Since the Malaysia Airlines jet with 239 people aboard vanished on March 8, it has set in motion a search-and-rescue mission that spans thousands of miles and involves more than two dozen countries.
Three years into Syria's civil war, a resigned stability and a sense of permanence are taking hold at the Zaatari refugee camp in Jordan.
One of the surest ways to create a thriving black market in something: Make it illegal.
Drugs and U.S. dollars in closed economies are good examples. Another good example is the elephant ivory market, which is booming, despite bans on international trade and crackdowns in many African countries.
Damon Tabor wrote about the illegal ivory trade from source to final sale in the current issue of Men’s Journal. He says there is a rising demand in China and that fuels poaching in Africa.
"The demand is a function of the rising Chinese middle class," said Tabor. "You have a sizeable portion of China’s population that now has disposable income and can spend it on things like ivory trinkets and these intricately carved ivory statues."
Tabor broke down the process of how poaching works. He gave us this example from one of his sources:
1. Suppliers will get an order from a buyer.
2. A supplier will then transmit the orders to the actual poachers.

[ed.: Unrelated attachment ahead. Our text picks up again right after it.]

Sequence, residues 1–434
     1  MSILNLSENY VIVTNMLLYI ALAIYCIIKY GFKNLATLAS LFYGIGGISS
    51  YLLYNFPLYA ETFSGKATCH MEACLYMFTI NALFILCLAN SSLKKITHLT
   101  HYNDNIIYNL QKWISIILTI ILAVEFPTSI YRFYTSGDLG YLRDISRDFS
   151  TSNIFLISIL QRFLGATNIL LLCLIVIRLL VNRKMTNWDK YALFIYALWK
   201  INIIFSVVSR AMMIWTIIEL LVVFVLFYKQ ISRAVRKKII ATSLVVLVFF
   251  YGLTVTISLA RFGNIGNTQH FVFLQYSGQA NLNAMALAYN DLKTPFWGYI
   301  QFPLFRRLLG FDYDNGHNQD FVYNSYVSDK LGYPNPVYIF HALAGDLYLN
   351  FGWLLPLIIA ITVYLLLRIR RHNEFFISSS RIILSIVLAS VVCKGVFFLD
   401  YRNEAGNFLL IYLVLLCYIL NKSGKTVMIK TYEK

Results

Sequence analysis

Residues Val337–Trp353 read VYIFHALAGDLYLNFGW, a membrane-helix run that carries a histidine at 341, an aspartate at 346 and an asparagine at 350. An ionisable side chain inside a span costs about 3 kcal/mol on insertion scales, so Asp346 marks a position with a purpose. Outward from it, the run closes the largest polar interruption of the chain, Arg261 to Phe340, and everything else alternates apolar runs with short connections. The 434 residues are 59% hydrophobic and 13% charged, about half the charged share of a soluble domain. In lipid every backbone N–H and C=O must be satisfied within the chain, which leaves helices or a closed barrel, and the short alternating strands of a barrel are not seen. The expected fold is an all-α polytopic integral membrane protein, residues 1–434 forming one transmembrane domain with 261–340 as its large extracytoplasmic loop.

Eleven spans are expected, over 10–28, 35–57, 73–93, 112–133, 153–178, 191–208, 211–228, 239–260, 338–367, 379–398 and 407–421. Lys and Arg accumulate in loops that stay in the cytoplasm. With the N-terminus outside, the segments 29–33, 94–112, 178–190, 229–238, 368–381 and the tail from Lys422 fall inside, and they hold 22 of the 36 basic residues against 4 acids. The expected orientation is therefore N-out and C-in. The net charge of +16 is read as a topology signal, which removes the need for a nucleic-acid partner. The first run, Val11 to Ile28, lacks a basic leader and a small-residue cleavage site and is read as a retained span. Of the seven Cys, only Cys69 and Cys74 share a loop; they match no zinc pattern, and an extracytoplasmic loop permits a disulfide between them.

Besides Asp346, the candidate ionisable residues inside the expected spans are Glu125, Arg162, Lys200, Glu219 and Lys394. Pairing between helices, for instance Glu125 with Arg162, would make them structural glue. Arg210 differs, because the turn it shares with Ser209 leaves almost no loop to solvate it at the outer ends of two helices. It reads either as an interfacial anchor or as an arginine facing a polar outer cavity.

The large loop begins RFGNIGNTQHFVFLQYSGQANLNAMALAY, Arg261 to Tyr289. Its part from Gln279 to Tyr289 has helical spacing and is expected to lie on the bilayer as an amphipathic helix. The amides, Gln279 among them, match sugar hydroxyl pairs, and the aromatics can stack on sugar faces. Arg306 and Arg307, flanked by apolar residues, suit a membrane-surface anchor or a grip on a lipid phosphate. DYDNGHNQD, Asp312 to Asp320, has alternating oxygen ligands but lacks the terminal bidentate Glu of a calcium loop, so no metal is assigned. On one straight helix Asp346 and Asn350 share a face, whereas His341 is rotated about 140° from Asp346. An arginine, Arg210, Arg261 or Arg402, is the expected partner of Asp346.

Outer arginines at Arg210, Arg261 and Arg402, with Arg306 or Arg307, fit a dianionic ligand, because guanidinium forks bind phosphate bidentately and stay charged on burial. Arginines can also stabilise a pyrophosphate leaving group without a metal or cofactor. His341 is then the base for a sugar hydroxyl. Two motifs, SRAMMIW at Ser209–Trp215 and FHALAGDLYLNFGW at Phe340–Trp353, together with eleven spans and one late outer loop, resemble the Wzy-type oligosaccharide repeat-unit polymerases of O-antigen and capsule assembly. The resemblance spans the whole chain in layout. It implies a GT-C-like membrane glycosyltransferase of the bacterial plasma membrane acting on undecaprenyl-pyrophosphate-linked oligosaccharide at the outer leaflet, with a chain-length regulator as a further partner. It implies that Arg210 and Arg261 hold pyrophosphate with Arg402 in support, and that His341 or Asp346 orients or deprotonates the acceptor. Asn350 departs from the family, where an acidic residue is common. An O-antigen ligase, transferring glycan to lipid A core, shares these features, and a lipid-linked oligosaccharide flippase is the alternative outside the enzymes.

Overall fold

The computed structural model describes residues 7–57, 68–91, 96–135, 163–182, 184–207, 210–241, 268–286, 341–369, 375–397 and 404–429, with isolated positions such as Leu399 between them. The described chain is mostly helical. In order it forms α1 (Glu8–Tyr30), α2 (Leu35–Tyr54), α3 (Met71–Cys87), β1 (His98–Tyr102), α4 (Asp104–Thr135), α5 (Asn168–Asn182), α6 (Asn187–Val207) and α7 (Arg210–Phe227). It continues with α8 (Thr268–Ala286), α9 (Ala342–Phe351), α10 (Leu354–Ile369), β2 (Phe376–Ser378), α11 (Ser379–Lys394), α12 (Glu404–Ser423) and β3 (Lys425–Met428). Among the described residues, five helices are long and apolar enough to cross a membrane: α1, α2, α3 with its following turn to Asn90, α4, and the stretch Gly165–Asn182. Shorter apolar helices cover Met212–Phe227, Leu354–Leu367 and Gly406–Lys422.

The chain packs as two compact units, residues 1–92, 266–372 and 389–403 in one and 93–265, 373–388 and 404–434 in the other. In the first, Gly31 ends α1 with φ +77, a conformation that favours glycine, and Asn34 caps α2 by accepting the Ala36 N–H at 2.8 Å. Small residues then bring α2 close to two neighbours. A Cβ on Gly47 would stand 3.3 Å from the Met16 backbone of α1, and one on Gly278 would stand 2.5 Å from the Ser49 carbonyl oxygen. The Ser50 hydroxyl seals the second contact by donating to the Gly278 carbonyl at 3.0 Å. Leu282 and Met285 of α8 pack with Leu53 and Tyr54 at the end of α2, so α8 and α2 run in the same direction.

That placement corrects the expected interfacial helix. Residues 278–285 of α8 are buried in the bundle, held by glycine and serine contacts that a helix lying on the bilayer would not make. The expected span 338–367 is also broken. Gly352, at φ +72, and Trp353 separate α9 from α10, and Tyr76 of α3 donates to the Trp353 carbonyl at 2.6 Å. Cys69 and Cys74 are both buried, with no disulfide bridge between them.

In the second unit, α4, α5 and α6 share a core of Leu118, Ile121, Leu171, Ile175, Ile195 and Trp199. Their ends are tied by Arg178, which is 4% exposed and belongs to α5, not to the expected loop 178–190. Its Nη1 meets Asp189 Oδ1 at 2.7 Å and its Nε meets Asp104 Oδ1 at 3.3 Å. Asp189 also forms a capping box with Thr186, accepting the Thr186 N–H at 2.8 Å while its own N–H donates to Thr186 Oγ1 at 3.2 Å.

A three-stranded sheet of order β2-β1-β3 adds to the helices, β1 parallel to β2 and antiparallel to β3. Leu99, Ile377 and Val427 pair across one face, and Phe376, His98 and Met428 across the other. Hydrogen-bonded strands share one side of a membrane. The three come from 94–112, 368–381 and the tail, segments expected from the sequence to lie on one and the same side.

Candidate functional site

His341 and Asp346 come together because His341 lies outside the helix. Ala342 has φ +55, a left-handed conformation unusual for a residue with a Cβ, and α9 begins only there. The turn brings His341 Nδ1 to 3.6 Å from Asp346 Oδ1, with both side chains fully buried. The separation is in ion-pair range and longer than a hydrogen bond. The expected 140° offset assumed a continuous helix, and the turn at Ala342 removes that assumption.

3. The poachers go out and kill the elephants.
4. The supplier will then pick up the dead elephants and drive them somewhere for international transportation, most likely a port.
5. The ivory may then hit a customs official, who in this case would be on the supplier’s payroll.
6. It's shipped to buyers and traders.
Tabor said the demand for ivory has exceeded the reproductive capacity of elephants. Which means of course, that the animal will eventually die out. He says for people who don’t come into direct contact with the animal, this isn’t an issue.
"With the traders and the dealers and the middlemen I spoke to in China and Vietnam, there’s not a great deal of care for an animal that is several thousand miles away," said Tabor.
Alibaba gets compared to Amazon because it dominates China’s e-commerce market. But that’s where the comparison ends, says Perry Wong, a researcher at the Milken Institute. He said unlike Amazon, Alibaba doesn’t sell goods directly.
"It’s transaction platform rather than a merchandise selling outfit," he said.
In other words, Alibaba is a middleman.
He tells this story about using Alibaba while at a hotel in Beijing: "I ordered something and I got the delivery in 3 ½ hours," Wong says. "The person who delivered it was a young man who rode on a bicycle."
Wong says people use Alibaba to buy everything from a few packages of ramen for dinner to big ticket items like computers. And the company does big business. In one day, Alibaba can sell more goods than all the e-commerce business in the U.S. put together, Wong says.
Is Alibaba the 'Chinese Amazon?'
"[There] were at one point, hospital appointment booking services," Clark says. "Another example would be a service called Kuaidi Dache, which is like Uber to book a taxi and this is hugely popular now."
Alibaba also bought a big stake in China’s Yelp. The companyt's into restaurant bookings, travel and even consumer banking. It makes microloans to small businesses and has a virtual wallet program that has about $80 billion in holdings.